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Publication numberUS2857803 A
Publication typeGrant
Publication dateOct 28, 1958
Filing dateMar 12, 1956
Priority dateMar 12, 1956
Publication numberUS 2857803 A, US 2857803A, US-A-2857803, US2857803 A, US2857803A
InventorsBroerman Arthur B, Reinecke Marvin E
Original AssigneePhillips Petroleum Co
Export CitationBiBTeX, EndNote, RefMan
External Links: USPTO, USPTO Assignment, Espacenet
Differential refractometer cell
US 2857803 A
Abstract  available in
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Claims  available in
Description  (OCR text may contain errors)

Oct. 28, 1958 M. E. REINECKE ET AL I DIFFERENTIAL REFRACTOMETER CELL 3 Sheets-Sheet 1 Filed March 12, 1956 hh i EMNTEDGM wm3wmwmu INVENTOR.

M. E. REINECKE A. B. BROERMAN I ATTORNEYS Oct. 28, 1958 M. E. REINECKE ET AL 2,857,803

DIFFERENTIAL REFRACTOMETER CELL Filed March 12, 1956 3 Sheets-Sheet 2 M. E. REINECKE A. B7 BROERMAN r BY ATTORNEYS Oct. 28, 1958 M. E. REINECKE ET AL 2,857,803

DIFFERENTIAL REFRACTOMETER CELL 3 Sheets-Sheet 3 Filed March 12, 1956 I32 I I0 127 v I NKENTOR.

. EINECKE A. a. BROERMAN fiwj urw "F W Ill ATTORNEYS United States Patent fiice- 2,857,803 Patented Oct. 28, 1958 DIFFERENTIAL REFRACTOMETER CELL Marvin E. Reinecke and Arthur B. Broerman, Battlesville, kla., assignors to Phillips Petroleum Company, a corporation of Delaware Application March 12, 1956, Serial No. 570,761

12 Claims. (CI. 88-14) This invention relates to the measurement of the refractive indices of fluid streams.

In various chemical and petroleum operations, it is common practice to analyze a sample stream removed from some point in the process and to adjust an operating variable in response to the analysis to maintain desired conditions. One particular system of analysis that is useful involves a measurement of the refractive index of the sample stream. This measurement can advantageously be made by comparing the refractive index of the sample stream with the refractive index of a reference fluid. This is accomplished by directing a beam of radiation through a refractometer cell assembly and measuring the deviation of the emerging beam. The refractometer cell is provided with at least two adjacent compartments which are separated by a diagonal transparent plate. A reference fluid is positioned in one chamber and the sample stream is circulated continuously through the second chamber. An instrument of this type is generally referred to as a differential refractometer.

In order to make accurate measurements with differential refractometers, it is important that the two fluids being compared be maintained at exactly the same temperatures and pressures. This is particularly true in measuring the refractive indices of liquids because such refractive indices vary considerably with changes in temperature and pressure. In accordance with the present invention a refractometer is provided wherein the temperaturesand pressures of the fluids being compared are maintained equal. This is accomplished by circulating the sample stream initially through an elongated path which is in thermal contact with the reference fluid. Means are also provided to equalize any pressure differentials between the two fluids.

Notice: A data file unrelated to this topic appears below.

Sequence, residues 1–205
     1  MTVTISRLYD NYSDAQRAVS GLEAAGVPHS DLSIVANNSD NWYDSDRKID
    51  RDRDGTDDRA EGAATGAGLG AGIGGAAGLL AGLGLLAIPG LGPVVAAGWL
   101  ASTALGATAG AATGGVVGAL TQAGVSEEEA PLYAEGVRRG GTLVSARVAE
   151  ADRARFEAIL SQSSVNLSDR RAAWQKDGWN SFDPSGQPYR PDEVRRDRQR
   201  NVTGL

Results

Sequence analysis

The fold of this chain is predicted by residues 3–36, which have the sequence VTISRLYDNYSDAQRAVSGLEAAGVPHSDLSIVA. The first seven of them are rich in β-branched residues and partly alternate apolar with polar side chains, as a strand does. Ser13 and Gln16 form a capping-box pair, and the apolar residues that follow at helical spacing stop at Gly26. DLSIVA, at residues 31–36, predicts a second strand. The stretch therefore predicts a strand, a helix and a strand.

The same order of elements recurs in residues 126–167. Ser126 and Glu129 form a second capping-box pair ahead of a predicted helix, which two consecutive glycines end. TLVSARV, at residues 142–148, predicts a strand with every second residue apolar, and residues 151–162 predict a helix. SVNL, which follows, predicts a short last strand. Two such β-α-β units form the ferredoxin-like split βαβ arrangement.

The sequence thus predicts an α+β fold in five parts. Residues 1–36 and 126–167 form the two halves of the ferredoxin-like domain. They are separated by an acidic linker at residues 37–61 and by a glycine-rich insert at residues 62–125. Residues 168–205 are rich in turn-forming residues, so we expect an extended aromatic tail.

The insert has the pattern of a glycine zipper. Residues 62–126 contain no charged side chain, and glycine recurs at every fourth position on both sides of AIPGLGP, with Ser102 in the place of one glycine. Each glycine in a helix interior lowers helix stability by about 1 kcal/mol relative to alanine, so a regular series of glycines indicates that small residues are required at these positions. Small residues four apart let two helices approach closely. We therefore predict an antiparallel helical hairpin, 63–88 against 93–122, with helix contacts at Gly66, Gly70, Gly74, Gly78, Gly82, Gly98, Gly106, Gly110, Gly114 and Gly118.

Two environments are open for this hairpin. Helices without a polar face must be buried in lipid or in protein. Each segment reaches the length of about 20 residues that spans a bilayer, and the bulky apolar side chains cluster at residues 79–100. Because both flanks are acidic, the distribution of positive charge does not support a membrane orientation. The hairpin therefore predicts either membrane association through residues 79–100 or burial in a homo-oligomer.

Accordingly, it is an object of this invention to provide an improved differential refractometer.

Another object is to provide improved differential refractometer cell assemblies wherein the fluids being compared are maintained at a common temperature.

A further object is to provide an improved refractometer wherein the two fluids being compared are maintained at common temperatures and pressures.

Other objects, advantages and features of the invention should become apparent from the following detailed de scription taken in conjunction with the accompanying drawing in which:

Figure 1 is a schematic view of a differential refractometer incorporating features of the present invention;

Figure 2 is an exploded view of a portion of the refractometer cell assembly of Figure 1;

Figure 3 is a sectional view taken along line 33 of Figure 2;

Figure 4 is a sectional view of the pressure equalizer of Figure 1; V

Figure 5 is a sectional elevation view of a second embodiment of the refractometer cell assembly; and

Figure 6 is a top view of the refractometer assembly of Figure 5.

Referring now to the drawing in detail and to Figure 1 in particular, there is shown a lamp 10 which directs radiation through a convex lens 11. Radiation from lens 11 is directed through a slit assembly 12 into a refractometer cell assembly 13. Cell assembly 13 is provided with an inlet lens 14 which collimates radiation transmitted through slit 12. Cell assembly 13 comprises complementary metal blocks 15 and 16. A lens 17 at the edge of block 16 focuses the transmitted radiation on a detector which comprises adjacent photocells 21 and 22.

The beam of radiation emerging from cell assembly 13 passes through a refractor block 18 which is mounted for rotation on a worm gear 20. An opaque light barrier 23 is centered between photocells 21 and 22 to reduce the amount of radiation incident upon the two photocells.

Photocells 21 and 22 are connected in electrical opposition to one another to the input of an amplifier 25. Amplifier 25 provides an output signal which drives a servomotor 26. Amplifier 25 can be of the type which converts an input D. C. signal to an A. C. signal for amplification. The amplified signal drives a two phase induction motor 26. The drive shaft of motor 26 is connected through a clutch 27 to a shaft 29 which has a first bevel gear 28 thereon. A worm 30 is mounted on shaft 29 to engage worm gear 20. Bevel gear 28 engages a second bevel gear 31 which is connected to a shaft 33. A tele-' second end of conduit 40a is connected by a conduit 40b to the inlet 50 of cell block 15. The outlet 51' of cell block 15 is connected by a conduit 400 to the first inlet of a pressure equalizer 44. A conduit 40d, having a valve 45 therein, communicates with the first outlet of pressure equalizer 44. A corresponding conduit system is provided for the reference fluid. A conduit 42, having a valve 43 therein, communicates with a coil 42a which is in thermal contact with blocks 15 and 16 and coil 40a. A conduit 42b communicates between coil 42a and the fluid inlet 50 of cell block 16. The fluid outlet 51 of cell block 16 is connected by a conduit 42c to the sec-. ond inlet of pressure equalizer 44. A conduit 42d, having a valve 46 therein, communicates with the second outlet of pressure equalizer 44.